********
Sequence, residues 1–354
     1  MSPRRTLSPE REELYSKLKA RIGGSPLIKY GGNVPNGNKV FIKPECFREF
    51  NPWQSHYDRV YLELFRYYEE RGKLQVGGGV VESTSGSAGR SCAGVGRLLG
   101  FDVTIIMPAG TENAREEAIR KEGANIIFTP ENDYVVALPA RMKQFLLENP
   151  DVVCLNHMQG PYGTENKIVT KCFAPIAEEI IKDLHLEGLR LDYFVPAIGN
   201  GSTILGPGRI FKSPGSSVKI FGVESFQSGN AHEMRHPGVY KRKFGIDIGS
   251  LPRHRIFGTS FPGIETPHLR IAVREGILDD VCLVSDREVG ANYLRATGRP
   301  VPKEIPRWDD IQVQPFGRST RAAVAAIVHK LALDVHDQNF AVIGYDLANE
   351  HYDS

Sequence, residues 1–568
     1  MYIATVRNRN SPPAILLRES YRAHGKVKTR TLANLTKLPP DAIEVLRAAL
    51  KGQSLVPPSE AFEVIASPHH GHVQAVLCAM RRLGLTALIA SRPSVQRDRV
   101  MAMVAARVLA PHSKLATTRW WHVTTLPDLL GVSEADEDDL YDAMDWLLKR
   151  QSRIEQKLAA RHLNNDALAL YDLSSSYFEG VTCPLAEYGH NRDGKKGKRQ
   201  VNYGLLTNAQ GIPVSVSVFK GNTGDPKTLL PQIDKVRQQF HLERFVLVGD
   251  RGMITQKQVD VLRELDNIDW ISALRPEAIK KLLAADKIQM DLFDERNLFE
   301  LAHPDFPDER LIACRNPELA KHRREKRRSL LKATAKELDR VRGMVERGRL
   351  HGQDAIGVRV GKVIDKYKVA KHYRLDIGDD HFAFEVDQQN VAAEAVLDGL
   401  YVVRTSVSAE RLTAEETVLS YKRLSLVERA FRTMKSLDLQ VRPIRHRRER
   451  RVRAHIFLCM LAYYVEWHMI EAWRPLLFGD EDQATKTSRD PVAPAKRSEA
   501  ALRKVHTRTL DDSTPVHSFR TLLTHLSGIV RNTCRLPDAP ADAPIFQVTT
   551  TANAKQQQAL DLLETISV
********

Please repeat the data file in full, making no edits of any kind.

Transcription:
Sequence, residues 1–354
     1  MSPRRTLSPE REELYSKLKA RIGGSPLIKY GGNVPNGNKV FIKPECFREF
    51  NPWQSHYDRV YLELFRYYEE RGKLQVGGGV VESTSGSAGR SCAGVGRLLG
   101  FDVTIIMPAG TENAREEAIR KEGANIIFTP ENDYVVALPA RMKQFLLENP
   151  DVVCLNHMQG PYGTENKIVT KCFAPIAEEI IKDLHLEGLR LDYFVPAIGN
   201  GSTILGPGRI FKSPGSSVKI FGVESFQSGN AHEMRHPGVY KRKFGIDIGS
   251  LPRHRIFGTS FPGIETPHLR IAVREGILDD VCLVSDREVG ANYLRATGRP
   301  VPKEIPRWDD IQVQPFGRST RAAVAAIVHK LALDVHDQNF AVIGYDLANE
   351  HYDS

Sequence, residues 1–568
     1  MYIATVRNRN SPPAILLRES YRAHGKVKTR TLANLTKLPP DAIEVLRAAL
    51  KGQSLVPPSE AFEVIASPHH GHVQAVLCAM RRLGLTALIA SRPSVQRDRV
   101  MAMVAARVLA PHSKLATTRW WHVTTLPDLL GVSEADEDDL YDAMDWLLKR
   151  QSRIEQKLAA RHLNNDALAL YDLSSSYFEG VTCPLAEYGH NRDGKKGKRQ
   201  VNYGLLTNAQ GIPVSVSVFK GNTGDPKTLL PQIDKVRQQF HLERFVLVGD
   251  RGMITQKQVD VLRELDNIDW ISALRPEAIK KLLAADKIQM DLFDERNLFE
   301  LAHPDFPDER LIACRNPELA KHRREKRRSL LKATAKELDR VRGMVERGRL
   351  HGQDAIGVRV GKVIDKYKVA KHYRLDIGDD HFAFEVDQQN VAAEAVLDGL
   401  YVVRTSVSAE RLTAEETVLS YKRLSLVERA FRTMKSLDLQ VRPIRHRRER
   451  RVRAHIFLCM LAYYVEWHMI EAWRPLLFGD EDQATKTSRD PVAPAKRSEA
   501  ALRKVHTRTL DDSTPVHSFR TLLTHLSGIV RNTCRLPDAP ADAPIFQVTT
   551  TANAKQQQAL DLLETISV